I spent my first two weeks doing job shadowing. I rode along with "real" rangers to learn what they do all day. This was terrifying because you realize how alone you are and how much responsibility you have. Parks have a lot of space, a lot of visitors, and a lot of deadly crap that can suddenly hit the fan. Riding with a coworker was also amazing because I didn't have to do anything except learn. It was like being a tourist with an all-access backstage pass. I felt like I won the job lottery or something.

Then came 4 days of ranger school. Ranger school was . . . intense and humiliating. School is a mixture of classroom training and scenarios. In the scenarios, there are actors who are preforming a potentially deadly wilderness situation. I'm tossed blindly into the situation and have to fix it while my instructors silently judge me from the sidelines. The scenarios went terrible. Not terrible enough to get me fired, but still terrible.

One of the reasons I applied to be a ranger is because I thought I had my anxiety disorder under control for the first time in my life. Unfortunately, that turned out to be a lie. I was a sweaty, nauseous dumpster fire for most of ranger school. I had panic attacks all night and whenever they gave us breaks. My problems came roaring back with a vengeance. This was completely devastating because I've spent several years and thousands of dollars doing the therapy/medication/self-improvement thing. Yeah . . . all that came crashing down in 4 days. I really thought I was better! I don't know what to do anymore to fix it.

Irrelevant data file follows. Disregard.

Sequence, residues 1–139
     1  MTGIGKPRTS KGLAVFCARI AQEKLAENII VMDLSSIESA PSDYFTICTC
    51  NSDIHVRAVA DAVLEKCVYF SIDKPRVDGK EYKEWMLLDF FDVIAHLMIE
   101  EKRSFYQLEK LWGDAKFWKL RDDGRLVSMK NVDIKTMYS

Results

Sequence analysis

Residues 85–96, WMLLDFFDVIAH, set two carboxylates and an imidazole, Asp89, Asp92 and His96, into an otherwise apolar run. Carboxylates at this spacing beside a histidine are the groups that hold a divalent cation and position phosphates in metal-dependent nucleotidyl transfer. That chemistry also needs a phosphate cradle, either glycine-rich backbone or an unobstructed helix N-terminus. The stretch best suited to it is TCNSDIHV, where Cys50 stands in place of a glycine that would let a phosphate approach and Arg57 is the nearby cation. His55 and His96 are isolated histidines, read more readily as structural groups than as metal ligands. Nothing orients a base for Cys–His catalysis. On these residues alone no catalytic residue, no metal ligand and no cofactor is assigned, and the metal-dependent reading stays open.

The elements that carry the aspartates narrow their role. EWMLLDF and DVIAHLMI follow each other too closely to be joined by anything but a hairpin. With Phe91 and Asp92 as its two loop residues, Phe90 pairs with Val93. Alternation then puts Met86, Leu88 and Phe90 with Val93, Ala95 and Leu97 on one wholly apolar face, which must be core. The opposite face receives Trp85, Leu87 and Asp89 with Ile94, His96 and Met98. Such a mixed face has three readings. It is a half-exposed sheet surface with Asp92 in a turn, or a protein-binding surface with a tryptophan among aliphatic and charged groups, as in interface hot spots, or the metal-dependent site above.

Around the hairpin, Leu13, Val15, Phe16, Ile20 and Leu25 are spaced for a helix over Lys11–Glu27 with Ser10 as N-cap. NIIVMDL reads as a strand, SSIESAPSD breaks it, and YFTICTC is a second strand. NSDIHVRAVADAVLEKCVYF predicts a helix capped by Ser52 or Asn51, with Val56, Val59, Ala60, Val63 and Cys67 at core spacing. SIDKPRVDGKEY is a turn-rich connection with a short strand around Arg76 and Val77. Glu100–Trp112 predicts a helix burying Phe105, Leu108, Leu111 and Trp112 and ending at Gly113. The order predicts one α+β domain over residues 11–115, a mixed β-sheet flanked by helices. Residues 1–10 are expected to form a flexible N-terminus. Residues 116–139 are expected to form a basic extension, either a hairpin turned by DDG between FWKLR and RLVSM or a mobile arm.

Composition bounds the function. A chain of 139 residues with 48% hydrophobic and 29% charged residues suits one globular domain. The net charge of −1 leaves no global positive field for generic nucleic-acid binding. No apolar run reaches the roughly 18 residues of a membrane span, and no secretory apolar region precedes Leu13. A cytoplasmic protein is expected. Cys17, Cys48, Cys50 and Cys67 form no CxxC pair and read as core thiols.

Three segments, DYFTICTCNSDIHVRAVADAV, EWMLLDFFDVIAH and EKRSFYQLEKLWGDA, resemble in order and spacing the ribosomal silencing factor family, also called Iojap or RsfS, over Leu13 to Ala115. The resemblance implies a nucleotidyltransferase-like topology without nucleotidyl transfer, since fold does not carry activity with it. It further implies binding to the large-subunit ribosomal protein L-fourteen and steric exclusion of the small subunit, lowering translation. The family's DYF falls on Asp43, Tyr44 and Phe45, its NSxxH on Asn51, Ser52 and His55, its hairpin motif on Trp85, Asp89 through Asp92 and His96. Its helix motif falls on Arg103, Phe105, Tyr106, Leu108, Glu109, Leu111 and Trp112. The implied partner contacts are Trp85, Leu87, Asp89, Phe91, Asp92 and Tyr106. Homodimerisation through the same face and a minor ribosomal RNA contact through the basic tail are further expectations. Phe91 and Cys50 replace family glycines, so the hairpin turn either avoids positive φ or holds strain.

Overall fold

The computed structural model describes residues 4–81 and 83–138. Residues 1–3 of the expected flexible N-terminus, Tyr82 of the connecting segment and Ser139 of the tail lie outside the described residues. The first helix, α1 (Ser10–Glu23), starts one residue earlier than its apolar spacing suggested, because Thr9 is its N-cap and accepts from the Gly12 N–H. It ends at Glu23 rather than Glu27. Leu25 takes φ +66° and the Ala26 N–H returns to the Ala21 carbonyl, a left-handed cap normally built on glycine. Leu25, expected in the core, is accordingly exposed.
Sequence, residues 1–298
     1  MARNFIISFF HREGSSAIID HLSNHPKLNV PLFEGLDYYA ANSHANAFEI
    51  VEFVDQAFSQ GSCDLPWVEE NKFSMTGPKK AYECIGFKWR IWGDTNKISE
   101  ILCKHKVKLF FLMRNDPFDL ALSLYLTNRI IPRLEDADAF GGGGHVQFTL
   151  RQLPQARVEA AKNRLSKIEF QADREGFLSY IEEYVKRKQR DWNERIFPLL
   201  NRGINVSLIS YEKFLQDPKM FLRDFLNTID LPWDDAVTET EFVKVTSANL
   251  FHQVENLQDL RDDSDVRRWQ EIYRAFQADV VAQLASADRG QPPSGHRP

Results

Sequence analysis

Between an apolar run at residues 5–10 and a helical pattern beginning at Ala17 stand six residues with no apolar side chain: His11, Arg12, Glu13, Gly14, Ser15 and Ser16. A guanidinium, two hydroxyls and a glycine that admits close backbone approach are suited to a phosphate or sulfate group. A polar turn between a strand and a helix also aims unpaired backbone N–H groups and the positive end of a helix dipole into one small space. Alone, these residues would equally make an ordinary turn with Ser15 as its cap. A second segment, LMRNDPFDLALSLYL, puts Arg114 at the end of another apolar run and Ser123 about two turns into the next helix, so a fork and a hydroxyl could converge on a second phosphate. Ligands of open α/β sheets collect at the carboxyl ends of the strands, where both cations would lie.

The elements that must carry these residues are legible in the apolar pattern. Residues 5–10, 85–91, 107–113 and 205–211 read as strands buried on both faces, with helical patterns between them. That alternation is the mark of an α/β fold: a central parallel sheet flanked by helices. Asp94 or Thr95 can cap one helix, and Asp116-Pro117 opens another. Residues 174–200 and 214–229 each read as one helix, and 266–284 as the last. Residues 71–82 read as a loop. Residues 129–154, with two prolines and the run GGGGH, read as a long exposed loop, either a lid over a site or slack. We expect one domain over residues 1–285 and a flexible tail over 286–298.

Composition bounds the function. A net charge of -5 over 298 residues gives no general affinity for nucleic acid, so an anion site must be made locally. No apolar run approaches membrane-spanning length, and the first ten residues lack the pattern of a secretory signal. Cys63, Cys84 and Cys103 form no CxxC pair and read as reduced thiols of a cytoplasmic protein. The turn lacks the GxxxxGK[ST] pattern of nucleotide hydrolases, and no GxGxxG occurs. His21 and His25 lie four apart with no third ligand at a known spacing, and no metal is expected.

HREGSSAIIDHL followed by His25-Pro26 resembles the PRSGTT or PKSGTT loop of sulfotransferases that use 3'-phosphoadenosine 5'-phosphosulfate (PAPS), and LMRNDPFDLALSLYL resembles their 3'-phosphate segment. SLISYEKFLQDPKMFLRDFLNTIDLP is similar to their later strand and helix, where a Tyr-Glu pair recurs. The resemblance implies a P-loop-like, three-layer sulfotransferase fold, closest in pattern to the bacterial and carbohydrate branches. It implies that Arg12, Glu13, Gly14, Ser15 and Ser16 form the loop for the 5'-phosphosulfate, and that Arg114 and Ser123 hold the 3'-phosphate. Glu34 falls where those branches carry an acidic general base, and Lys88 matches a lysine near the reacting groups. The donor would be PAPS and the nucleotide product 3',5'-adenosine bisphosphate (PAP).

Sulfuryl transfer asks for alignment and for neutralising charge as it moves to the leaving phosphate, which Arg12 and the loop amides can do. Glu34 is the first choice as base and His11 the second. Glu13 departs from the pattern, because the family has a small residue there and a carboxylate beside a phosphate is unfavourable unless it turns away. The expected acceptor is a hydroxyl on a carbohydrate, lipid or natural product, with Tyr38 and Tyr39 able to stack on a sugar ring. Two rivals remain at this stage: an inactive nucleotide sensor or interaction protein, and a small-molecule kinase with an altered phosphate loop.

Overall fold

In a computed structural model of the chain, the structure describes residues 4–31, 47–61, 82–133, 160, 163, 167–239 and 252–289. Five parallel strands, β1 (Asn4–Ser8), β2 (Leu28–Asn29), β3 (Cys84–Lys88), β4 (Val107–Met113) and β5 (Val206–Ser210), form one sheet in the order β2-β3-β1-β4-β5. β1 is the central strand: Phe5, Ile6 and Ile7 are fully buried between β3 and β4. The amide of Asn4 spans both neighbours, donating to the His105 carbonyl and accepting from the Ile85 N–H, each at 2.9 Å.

I think I underestimated how morally difficult this job could be. I knew that park ranger is partially a law enforcement job. I knew I was signing up to be a mini cop. I knew I would be given a set of laws and taught how to enforce them. I also knew that I have concerns about the law enforcement and criminal justice systems in the US. I don't feel comfortable talking about my concerns on the blog because this is the internet! It's not a place for nuance and honest questions! I'm sure you've all seen videos of American cops making dubious decisions. I was hoping that park ranger school would take my concerns away. It didn't. Right now, a giant source of anxiety is making sure I can do this job in a way that aligns with my morals, or making sure I have the courage to quit if I can't.

Jobs are temporary, but you have to live with yourself forever, right?